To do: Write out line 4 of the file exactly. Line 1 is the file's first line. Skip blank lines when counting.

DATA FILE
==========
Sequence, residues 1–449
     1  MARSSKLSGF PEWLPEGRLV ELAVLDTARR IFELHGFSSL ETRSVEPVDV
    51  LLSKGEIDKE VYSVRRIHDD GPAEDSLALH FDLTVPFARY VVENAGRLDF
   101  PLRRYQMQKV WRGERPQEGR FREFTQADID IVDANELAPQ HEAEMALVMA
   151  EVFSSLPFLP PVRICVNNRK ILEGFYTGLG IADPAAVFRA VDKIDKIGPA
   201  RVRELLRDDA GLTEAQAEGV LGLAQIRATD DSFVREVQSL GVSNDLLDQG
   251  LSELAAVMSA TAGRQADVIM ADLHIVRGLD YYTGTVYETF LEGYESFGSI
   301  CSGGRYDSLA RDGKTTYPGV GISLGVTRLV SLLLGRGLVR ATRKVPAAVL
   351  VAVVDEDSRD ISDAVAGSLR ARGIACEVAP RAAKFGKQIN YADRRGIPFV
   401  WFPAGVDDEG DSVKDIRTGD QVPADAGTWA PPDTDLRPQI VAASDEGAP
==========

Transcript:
   101  PLRRYQMQKV WRGERPQEGR FREFTQADID IVDANELAPQ HEAEMALVMA